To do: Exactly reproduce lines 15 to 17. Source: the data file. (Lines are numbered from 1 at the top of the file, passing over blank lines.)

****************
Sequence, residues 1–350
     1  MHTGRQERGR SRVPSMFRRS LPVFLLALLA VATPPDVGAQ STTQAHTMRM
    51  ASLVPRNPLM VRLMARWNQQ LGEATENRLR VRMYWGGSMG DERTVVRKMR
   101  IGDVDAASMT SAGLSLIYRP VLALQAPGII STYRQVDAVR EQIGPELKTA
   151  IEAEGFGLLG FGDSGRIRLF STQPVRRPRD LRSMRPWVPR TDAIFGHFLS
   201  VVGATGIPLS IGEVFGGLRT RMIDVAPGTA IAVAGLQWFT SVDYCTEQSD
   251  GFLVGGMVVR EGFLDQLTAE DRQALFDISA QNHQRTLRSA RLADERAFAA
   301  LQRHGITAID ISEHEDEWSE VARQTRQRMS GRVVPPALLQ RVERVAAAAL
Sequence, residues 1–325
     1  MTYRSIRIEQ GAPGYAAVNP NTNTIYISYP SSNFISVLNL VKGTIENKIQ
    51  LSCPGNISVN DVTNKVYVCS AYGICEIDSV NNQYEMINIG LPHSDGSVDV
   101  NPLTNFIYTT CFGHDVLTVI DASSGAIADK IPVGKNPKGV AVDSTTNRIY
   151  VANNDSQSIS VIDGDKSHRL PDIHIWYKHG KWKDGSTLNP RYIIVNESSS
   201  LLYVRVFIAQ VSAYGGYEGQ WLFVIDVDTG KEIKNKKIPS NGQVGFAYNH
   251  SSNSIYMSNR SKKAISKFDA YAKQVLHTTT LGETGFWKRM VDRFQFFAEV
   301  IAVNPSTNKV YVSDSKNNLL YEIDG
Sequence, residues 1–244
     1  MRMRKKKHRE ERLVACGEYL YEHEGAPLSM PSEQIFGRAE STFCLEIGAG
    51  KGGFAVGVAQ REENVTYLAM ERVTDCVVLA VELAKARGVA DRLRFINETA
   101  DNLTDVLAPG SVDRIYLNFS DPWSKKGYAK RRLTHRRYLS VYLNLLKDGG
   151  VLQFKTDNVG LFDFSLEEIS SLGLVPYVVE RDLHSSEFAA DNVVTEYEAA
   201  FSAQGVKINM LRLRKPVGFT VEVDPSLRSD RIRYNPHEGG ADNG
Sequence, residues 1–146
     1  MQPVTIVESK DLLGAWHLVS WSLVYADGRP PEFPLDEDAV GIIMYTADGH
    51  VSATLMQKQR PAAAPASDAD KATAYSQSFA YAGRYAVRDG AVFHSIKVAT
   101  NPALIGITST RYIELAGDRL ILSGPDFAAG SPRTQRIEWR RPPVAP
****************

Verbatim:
   251  SSNSIYMSNR SKKAISKFDA YAKQVLHTTT LGETGFWKRM VDRFQFFAEV
   301  IAVNPSTNKV YVSDSKNNLL YEIDG
Sequence, residues 1–244